Visitors: at home and abroad

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With warships often being away from the home port for long periods, when back in port it was an occasion to meet up with friends and family. Family days gave a chance for a sailor to show his folks around his "home" whilst the officers could organised receptions, formal and informal. Special attention was paid to visits by children, boys especially would be shown round with a view to recruiting them into the navy. A newly commissioned ship was marked by visits from government officials and men from the Admiralty, the builders were also invited. The navy represented, and still does represent, a country abroad. In the past it was sometimes the only contact with "foreigners". "Showing the flag" was both social and political, "here is a show of strength and there is more where this came from". Long distance cruises were also a source of information about the strength of foreign navies and the harbour defences. For people in the colonies, a visiting warship was a link with home.

Catalogue number 66091

Mothers, wives and future wives

The visit of these elegant young ladies was the occasion to meet a charming naval officer and, perhaps, a future husband.

14cm x 10.8cm Albumen silver print


Catalogue number 47309

Elegance en board

This group has a formal pose on a, probably, French pre-dreadnought battleship. Far right is "Henriette". We cannot read the other names. A photograph such as this would be a pleasant reminder of home when at sea.

13.8cm x 8.9cm Gelatin silver print


Catalogue number 66038

Showing the family around

This family seem to be having a private visit, is it father, mother, daughters and grandchildren?

Verso: "On board the destroyer "Fauconneau" 5th August 1920" in French and in black ink

8cm x 13cm Gelatin silver print


Catalogue number 105001

A family outing

This mixed group of adults and children seem to be on an organized outing to visit of the French battleship Diderot in 1926. The man fourth from the left looks like the bus driver and he has "Le Petit Parisien" -a mass media newspaper at the time - written on his hat band.

Verso: "13 sept. 1926 A bord le cuirassé "Diderot" Madeleine

13.9cm x 9cm Gelatin silver print


Catalogue number 109016

A group of young children

This smartly-dressed group of children would appear to be part of an officers open day. How many of the boys followed their father into the French Navy?

15.8cm x 10.9cm Gelatin silver print


Catalogue number 109018

Children let free!

The children seem to be on a late 20s early 30s French cruiser, maybe a Suffren class. Here they are running free, some of the older ones are curious about climbing up the metal ladder. It is a pity we cannot read the ship's name on the bell.

15.7cm x 10.8cm Gelatin silver print


Catalogue number 27004

With Dad on a gun

You are never too young to learn! This little chap is being shown over the details of a 4-inch gun on H.M.S. Furious by, probably, his Lieutenant Commander father. Note the drip tray fixed under the hydraulic recoil piston.

Verso: "Seeing the sights. A tiny visitor to Devonport being shown one of the 4" high angle guns of H.M.S. Furious by one of the officers at the opening of Plymouth Navy Week. August 5th. 33."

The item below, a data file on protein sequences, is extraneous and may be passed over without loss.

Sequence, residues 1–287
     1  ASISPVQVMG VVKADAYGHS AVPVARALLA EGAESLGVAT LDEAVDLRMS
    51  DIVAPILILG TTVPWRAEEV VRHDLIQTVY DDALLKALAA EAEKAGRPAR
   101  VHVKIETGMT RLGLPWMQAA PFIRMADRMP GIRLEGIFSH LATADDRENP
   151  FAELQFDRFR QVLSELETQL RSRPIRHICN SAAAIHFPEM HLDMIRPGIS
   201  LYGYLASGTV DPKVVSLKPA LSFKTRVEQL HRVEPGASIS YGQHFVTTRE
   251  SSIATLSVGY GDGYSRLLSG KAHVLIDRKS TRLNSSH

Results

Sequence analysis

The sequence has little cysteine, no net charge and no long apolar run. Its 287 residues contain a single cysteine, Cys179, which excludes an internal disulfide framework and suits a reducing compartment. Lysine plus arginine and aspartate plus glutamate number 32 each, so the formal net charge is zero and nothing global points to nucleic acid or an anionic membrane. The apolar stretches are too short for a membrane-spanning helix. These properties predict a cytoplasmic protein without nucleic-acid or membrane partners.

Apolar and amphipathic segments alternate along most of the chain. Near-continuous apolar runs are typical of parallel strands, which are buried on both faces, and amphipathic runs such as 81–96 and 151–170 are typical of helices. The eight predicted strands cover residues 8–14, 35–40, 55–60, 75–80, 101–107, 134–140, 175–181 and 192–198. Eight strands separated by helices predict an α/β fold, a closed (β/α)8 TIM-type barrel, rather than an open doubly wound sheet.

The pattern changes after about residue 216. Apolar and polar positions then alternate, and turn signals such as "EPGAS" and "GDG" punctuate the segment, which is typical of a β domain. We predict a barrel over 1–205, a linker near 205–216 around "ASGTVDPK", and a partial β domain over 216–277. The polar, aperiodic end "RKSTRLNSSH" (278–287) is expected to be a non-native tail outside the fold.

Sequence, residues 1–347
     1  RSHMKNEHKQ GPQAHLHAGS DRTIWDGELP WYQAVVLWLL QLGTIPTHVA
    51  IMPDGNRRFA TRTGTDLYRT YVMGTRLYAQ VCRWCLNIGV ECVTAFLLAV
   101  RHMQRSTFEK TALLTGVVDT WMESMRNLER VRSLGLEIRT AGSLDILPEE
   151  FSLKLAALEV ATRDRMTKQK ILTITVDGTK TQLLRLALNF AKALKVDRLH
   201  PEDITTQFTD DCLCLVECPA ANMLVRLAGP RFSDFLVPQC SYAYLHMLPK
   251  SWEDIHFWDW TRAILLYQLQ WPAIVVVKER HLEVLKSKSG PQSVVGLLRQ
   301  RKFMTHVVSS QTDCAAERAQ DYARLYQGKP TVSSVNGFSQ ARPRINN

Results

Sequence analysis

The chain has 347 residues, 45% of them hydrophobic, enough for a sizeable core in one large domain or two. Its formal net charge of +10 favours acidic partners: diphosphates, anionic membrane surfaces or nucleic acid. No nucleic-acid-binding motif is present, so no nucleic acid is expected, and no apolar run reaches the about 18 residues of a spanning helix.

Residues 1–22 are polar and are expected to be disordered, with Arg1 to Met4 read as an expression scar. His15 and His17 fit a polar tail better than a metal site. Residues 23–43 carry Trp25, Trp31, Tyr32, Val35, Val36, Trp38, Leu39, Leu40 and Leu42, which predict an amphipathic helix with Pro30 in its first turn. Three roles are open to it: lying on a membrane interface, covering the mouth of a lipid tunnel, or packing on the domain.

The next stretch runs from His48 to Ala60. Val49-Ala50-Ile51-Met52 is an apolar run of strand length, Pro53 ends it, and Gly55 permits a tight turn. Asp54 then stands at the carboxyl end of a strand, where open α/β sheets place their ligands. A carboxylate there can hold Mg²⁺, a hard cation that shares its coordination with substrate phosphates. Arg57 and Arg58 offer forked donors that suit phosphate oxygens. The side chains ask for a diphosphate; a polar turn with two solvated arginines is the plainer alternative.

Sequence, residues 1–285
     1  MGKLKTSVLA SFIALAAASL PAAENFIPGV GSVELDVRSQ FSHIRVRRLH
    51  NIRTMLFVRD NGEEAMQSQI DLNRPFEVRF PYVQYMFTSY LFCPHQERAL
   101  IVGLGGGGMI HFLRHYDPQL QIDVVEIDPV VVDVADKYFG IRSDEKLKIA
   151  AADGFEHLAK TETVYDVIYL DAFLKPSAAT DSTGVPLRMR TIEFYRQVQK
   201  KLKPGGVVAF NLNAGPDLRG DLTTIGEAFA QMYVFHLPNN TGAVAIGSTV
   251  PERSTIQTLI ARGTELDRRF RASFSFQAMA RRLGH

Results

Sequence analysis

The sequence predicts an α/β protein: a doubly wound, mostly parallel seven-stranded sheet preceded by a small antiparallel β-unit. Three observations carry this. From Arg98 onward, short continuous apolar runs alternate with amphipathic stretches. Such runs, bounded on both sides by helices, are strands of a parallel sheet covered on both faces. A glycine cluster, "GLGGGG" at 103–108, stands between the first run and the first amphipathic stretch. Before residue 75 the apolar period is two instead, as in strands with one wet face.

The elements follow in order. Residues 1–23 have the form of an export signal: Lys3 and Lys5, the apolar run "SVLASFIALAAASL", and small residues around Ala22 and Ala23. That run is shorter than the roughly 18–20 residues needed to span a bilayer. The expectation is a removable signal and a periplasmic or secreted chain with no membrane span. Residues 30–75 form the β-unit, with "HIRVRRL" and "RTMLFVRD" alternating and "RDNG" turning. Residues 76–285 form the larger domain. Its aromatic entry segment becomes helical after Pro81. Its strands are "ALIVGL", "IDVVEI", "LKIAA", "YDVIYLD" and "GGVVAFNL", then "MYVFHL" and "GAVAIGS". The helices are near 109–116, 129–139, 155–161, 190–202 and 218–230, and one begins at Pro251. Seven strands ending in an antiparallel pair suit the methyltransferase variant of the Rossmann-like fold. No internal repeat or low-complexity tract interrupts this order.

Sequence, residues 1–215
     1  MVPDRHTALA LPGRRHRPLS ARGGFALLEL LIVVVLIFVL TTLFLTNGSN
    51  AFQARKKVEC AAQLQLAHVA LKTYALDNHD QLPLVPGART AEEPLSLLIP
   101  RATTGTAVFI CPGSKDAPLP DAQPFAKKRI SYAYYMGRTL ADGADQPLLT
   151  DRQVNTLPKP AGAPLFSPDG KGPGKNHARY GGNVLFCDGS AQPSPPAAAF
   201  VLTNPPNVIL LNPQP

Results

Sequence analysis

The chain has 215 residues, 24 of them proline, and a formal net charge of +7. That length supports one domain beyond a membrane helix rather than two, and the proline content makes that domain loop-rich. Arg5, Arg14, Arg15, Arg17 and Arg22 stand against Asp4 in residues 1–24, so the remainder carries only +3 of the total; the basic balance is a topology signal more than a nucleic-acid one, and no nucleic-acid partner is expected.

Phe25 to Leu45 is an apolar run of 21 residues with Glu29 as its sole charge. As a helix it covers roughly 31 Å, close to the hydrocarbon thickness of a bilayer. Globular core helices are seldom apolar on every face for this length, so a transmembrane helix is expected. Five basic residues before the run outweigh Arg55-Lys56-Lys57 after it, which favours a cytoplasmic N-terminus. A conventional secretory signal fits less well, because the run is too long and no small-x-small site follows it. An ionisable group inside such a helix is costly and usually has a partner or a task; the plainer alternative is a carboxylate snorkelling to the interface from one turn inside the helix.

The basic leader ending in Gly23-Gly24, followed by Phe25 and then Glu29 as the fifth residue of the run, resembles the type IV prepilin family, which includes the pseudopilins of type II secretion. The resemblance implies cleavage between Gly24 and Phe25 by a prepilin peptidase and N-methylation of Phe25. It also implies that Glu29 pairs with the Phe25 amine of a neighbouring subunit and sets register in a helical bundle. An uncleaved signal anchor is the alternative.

Credit: Fox Photos

23.8cm x 16.3cm Gelatin silver print


Catalogue number 17019

A large group of boys

Here is a large group of boys on the foredeck of the French armoured cruiser Condé in the naval port of Brest sometime in 1930s. The boys are accompanied by at least three priests - two just left of the cowl and a third at three-quarters right wearing glasses. We can see all the details of the hawse pipes and the anchor chains held by the screw stoppers. Other fittings serve to take the weight off the anchor chain whilst the ship is moored. Judging by the state of the ship, this photograph may have been taken when Condé was tied up in the port of Lorient, eventually to become a hulk. This photograph was taken during an outing by the summer camp of the Championnet Association in Plonevez-Porzay around 1930.

Recto: "à bord du croisseur (sic) Condé dans l'arsenal de Brest."

7.8cm x 5.2cm Gelatin silver print


Catalogue number 110049

Sailors feed poor children

These German children are not so lucky. The Allied blockade of Germany during the First World War provoked a famine and the population were malnourished. Food rationing was introduced in the spring of 1915 and "Hunger became the central special experience of the home front" (Nipperdey, cited in "From Imperial Splendour to Internment: The German Navy in the First World War" by N. Wolz, 2015, Seaforth Publishing). The female population suffered heavily. Naval officers bottled up in the German ports expressed their unease at the situation whereby they had sufficient food whilst brothers and friends suffered the harsh conditions in the trenches and family at home starved. These sailors have given part of their rations to a group of poor, bare-footed children.

13.8cm x 8.9cm Gelatin silver print/i>


Catalogue number 82001

The Governors visit

The board of governors and guests on board the training ship Cornwall during a ceremony. Training ships such as Cornwall were often financed by benefactors with the aim of training up boys from modest families to go into the navy - usually the merchant navy, the Royal Navy having its own training establishments for boys. This photograph is part of a series of eleven concerning the Training ship Cornwall and bound in a "souvenir" album.

Credit: London and Country Photographic Co.

20.4cm x 15.3cm Gelatin silver print


Catalogue number 115032

Official visit and interpreter

This American Lieutenant is welcoming on board a foreign visitor and his interpreter. From the cap badge, it appears that the photograph was taken sometime around the First World War. In the Royal Navy, an officer’s training would include some basic French.

13.4cm x 8.3cm Gelatin silver print


Catalogue number 103029

Visit by high-ranking officials

Newly-commissioned ships were the subject of numerous visits and here we can see several top-hatted gentlemen in dress coats looking over a Courbet class battleship. They may be government officials, whatever, the washing is out and drying on the fore-rigging!

13.8cm x 9cm Gelatin silver printbr>


Catalogue number 66115

The official party arrive